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Kentucky Works to Trim Childhood Obesity

PHOTO: Kentucky is working to reduce high rates of childhood obesity, and experts say the earlier healthy eating habits are established in a child's life, the better chance of preventing obesity. Photo credit: Greg Stotelmyer.
PHOTO: Kentucky is working to reduce high rates of childhood obesity, and experts say the earlier healthy eating habits are established in a child's life, the better chance of preventing obesity. Photo credit: Greg Stotelmyer.
September 8, 2014

LEXINGTON, Ky. – There is both good news and bad when the topic is obesity among Kentucky's children.

While childhood obesity rates have leveled off and even dropped slightly, according to the Centers for Disease Control and Prevention (CDC), they continue to remain among the highest in the country in Kentucky.

"When statistics indicate that one in three children born now will develop diabetes in their lifetimes, that – from so many perspectives – is really alarming," says Carolyn Dennis, a registered dietitian.

Dennis points out diabetes is associated with so many health problems that it has enormous financial implications.

According to the CDC, 15.6 percent of Kentucky toddlers are obese before they start kindergarten. That's the sixth-highest rate in the nation.

It jumps to third highest among high-school-age children, with 18 percent obese.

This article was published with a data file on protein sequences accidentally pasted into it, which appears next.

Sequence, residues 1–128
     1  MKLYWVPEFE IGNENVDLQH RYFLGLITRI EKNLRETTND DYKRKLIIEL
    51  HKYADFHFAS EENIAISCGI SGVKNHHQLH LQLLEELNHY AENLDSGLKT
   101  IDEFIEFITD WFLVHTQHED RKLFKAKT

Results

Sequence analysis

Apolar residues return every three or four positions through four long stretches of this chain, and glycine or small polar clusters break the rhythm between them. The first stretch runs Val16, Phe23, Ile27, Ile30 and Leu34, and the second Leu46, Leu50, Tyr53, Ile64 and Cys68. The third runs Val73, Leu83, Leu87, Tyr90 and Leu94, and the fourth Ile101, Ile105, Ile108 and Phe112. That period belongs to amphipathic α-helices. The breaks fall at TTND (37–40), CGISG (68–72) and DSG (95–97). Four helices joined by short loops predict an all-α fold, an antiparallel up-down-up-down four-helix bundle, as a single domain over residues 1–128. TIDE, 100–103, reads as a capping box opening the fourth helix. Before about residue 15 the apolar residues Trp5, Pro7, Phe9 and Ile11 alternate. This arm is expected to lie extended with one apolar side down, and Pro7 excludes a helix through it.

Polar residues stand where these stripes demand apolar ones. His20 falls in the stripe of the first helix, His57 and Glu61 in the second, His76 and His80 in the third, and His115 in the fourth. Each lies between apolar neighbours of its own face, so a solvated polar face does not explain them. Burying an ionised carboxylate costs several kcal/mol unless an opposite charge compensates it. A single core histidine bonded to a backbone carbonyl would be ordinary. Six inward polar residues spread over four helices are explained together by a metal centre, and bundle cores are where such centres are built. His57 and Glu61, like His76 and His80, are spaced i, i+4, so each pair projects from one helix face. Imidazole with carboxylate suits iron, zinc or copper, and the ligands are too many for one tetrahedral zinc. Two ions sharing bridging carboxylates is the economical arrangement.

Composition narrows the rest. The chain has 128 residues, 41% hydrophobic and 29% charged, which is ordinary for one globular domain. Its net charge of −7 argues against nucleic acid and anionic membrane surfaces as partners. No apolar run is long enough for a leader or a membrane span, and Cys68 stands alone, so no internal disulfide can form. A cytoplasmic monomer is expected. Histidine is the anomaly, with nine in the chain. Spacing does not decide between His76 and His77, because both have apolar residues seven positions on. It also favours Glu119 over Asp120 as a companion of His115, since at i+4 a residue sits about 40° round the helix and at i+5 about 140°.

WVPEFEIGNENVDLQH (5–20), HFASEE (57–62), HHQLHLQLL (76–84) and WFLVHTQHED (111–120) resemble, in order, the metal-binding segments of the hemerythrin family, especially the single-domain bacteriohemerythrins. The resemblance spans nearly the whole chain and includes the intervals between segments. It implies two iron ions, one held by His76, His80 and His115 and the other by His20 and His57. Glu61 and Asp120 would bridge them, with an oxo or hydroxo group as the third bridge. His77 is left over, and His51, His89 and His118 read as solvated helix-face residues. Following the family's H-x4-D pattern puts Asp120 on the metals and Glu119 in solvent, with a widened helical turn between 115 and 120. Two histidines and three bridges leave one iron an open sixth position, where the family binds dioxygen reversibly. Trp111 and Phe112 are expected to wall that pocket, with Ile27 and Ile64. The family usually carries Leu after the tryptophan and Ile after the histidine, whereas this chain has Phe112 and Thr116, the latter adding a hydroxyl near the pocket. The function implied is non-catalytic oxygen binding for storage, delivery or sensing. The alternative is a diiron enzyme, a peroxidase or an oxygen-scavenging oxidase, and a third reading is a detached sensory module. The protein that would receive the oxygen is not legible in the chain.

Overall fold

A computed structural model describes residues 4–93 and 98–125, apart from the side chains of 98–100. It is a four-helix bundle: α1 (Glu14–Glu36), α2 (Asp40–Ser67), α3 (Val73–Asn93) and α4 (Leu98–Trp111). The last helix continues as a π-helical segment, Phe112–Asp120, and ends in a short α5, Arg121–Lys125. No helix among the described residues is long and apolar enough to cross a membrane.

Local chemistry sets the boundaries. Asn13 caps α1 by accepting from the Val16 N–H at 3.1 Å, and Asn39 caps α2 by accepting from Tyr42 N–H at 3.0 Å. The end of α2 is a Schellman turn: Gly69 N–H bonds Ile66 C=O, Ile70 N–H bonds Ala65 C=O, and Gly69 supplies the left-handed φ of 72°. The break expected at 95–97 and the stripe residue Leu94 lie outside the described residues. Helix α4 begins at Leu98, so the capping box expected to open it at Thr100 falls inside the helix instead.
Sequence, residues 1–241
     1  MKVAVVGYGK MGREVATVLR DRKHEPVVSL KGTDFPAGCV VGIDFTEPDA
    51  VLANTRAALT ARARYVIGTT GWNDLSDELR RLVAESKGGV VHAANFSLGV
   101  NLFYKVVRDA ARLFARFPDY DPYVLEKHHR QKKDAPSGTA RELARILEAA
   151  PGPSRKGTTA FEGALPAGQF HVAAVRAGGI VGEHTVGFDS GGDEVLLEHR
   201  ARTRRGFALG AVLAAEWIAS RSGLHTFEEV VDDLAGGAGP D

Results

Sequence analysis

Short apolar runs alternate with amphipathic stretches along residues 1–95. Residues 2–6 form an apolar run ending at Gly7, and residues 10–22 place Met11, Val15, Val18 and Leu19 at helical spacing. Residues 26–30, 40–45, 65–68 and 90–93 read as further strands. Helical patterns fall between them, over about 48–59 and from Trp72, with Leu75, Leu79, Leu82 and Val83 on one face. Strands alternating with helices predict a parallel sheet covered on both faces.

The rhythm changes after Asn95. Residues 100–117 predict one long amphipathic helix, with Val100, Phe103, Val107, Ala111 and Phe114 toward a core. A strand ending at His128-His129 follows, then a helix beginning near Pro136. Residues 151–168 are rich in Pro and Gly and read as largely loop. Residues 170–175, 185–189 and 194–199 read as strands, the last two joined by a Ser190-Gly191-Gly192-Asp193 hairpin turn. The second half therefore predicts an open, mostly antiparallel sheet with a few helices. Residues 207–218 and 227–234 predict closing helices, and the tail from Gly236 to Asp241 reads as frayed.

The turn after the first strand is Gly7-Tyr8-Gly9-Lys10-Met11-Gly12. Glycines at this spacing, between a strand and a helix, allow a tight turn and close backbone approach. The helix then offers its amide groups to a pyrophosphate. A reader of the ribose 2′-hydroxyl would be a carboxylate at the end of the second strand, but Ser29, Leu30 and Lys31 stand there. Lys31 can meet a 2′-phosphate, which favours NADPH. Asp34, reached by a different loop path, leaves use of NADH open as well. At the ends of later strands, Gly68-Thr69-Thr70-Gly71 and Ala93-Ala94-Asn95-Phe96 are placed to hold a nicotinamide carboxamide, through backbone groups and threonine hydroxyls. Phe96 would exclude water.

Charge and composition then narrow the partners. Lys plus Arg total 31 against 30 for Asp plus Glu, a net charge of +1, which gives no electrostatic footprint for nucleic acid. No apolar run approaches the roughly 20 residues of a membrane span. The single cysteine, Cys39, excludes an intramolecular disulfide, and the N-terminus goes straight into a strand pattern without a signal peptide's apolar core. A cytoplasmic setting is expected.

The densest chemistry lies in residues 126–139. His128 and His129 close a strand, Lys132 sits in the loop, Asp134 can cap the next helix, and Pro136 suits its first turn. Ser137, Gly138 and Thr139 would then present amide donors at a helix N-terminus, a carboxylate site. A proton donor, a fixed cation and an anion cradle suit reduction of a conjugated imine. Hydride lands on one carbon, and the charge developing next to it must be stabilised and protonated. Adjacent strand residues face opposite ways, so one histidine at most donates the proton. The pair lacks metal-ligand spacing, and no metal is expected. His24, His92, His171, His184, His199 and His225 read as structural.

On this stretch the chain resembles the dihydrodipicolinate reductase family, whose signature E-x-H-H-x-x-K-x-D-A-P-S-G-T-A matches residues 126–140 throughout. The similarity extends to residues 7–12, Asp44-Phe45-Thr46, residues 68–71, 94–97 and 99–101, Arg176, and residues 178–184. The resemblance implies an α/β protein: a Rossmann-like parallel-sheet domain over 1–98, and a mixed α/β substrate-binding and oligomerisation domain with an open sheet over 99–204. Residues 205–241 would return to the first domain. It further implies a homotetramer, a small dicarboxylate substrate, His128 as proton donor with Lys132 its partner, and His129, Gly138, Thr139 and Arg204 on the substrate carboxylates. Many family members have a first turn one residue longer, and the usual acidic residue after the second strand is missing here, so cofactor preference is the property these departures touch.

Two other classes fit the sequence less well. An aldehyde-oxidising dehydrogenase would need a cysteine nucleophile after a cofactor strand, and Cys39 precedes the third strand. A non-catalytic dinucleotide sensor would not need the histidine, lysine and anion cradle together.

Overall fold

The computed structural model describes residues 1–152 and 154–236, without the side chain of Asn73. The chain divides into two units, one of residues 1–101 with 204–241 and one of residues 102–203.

This is National Childhood Obesity Awareness Month. And Anne Warhover, president and CEO of The Colorado Health Foundation, says adding healthy foods for school lunches, eliminating easy access to sugary drinks and increasing access to public parks are all strategies to reduce childhood obesity.

"It's 100 percent preventable,” she stresses. “We don't need to have this statistic, if we can figure out how to change the culture of health and how to make the healthy choice the easy choice."

Health experts say the research indicates a child who is overweight at age five, is five times more likely to be obese as an adult.

Kentucky is making progress on the problem, says Dennis. She credits a cross-section of child, health and business groups, now working together, and points to a statewide initiative in Kentucky's nearly 3,000 licensed child care centers.

"Working with the licensed child care centers on healthy eating and physical activity standards can really make a big difference for a whole lot of children, if we can get to them at the earliest stage possible," she says.

Greg Stotelmyer , Public News Service - KY